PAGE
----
Most visitors to this vacationland, also known as the Land of Lobster, bypass this beautiful region on a mad dash for Mount Desert Island’s Bar Harbor and Acadia National Park. As boaters, we treasure the many quieter, quintessential seaside towns and islands to explore.

As you head “Downeast,” which is northeast of Portland, you are soon cruising by the interesting waterways of Muscongus Bay and Muscle Ridge, passing the promontory of Port Clyde and famous Marshall Point Lighthouse. Then you enter the legendary boating territory of Penobscot Bay.

As you round Owls Head Light, you know Rockland is ahead. Soon to starboard, the impressive Breakwater Lighthouse comes into view to greet you on a shimmery granite spit. Safe Harbor Rockland is perfectly situated at the head of the bay to dock your boat, a full-service marina, next to Archer’s on the Pier restaurant, and steps to town.

Rockland feels both irresistibly authentic and scenic. It’s a true working waterfront. Rockland was a quarry for massive granite stones shipped to create landmark buildings in New York City and Washington, DC — hence the name. And the town remains a hub for fishing and shipping, with an active cement factory.

On a beautiful stroll from the docks along Rockland’s waterfront Harbor Trail, we discovered this seaside town has blossomed into Maine’s art capital with plentiful galleries, as well as a lighthouse and art museums — most notably the famous Farnsworth Art Museum that features generations of Wyeth paintings. Just strolling Rockland’s old brick streets is a treat, with intriguing shops and dining spots.

After browsing boutiques, we found the happy humble diner, Rockland Café, on Main Street. Greg said his eggs benedict were among the best ever. My fish cakes were better than my father made (sorry Dad). Since 1992, this café rocks with an unchanged kitschy décor, salty waitresses and super deals on everything from egg dishes to seafood and of course, lobster.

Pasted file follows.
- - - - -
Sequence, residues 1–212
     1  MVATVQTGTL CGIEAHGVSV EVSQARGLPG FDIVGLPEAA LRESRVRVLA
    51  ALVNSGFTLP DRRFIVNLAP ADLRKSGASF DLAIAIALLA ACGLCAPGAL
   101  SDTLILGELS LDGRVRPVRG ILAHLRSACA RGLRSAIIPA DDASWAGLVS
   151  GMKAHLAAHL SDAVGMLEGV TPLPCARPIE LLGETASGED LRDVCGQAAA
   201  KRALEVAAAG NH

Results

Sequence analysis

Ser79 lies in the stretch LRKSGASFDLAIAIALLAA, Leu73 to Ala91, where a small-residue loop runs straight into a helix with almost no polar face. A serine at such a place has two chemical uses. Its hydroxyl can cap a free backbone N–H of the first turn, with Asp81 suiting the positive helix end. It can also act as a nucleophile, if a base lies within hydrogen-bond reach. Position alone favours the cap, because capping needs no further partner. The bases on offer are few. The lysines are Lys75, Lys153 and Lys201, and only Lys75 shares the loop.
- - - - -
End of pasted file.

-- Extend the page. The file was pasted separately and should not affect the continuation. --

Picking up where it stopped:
Splurging with a night off the boat, we checked into the grand oceanfront Samoset Resort. It’s THE place to stay in Rockland and Rockport (it actually borders both towns). They offer a free shuttle to town in season. Our ocean view room overlooked Samoset’s seaside golf course and the lighthouse from the immense hotel’s third floor.

The property was recently renovated and is quite chic. We had choices of resort golf, tennis, pool and hot tub, or lawn games like disc golf. We opted to walk out the gleaming stacked granite boulders to the lighthouse; the path starts on the edge of Samoset’s expansive grounds.

Rockland Maine Samoset
Rockland Maine Samoset | Greg Burke

Stepping across massive rock monoliths that tower two stories high above the water at high tide, we made it out the 4,000 feet length to the Rockland Breakwater Lighthouse. The assembly of these huge heavy Maine stones almost 150 years ago is mind-boggling, and views of Rockland Harbor and out to sea are impressive from the old Light Station.

That evening, our return to downtown Rockport coincided with a hometown Solstice Parade down Main Street. We ducked off the bustling sidewalks lined with local families into a pub. In Good Company is an upscale bistro where we grabbed a seat at the cozy bar. We sipped cocktails over local banter while savoring delicious “nibbles” served with warm crusty fresh-made bread.

Rockland is a boater’s treat — a festive hamlet with an annual North Atlantic Blues Fest, Lobster Fest, weekly art walks, farmers markets and more.

Boating farther, we cruised by Rockport’s tiny harbor, as we had visited this tight little bayfront before to see Andre the Seal’s statue when our kids were little. Our son and daughter had been enamored by the tale of this friendly flippered Maine mammal who became famous in 1962.

Next Stop, Camden

In the heart of Maine’s midcoast was our next port, Camden, a delightful harbor surrounded by mountains. Aptly “Where the Mountains Meet the Sea” is its moniker, as Camden Hills and Mount Battie stretch down toward the busy waterfront where this 1769 New England village sits like a postcard scene.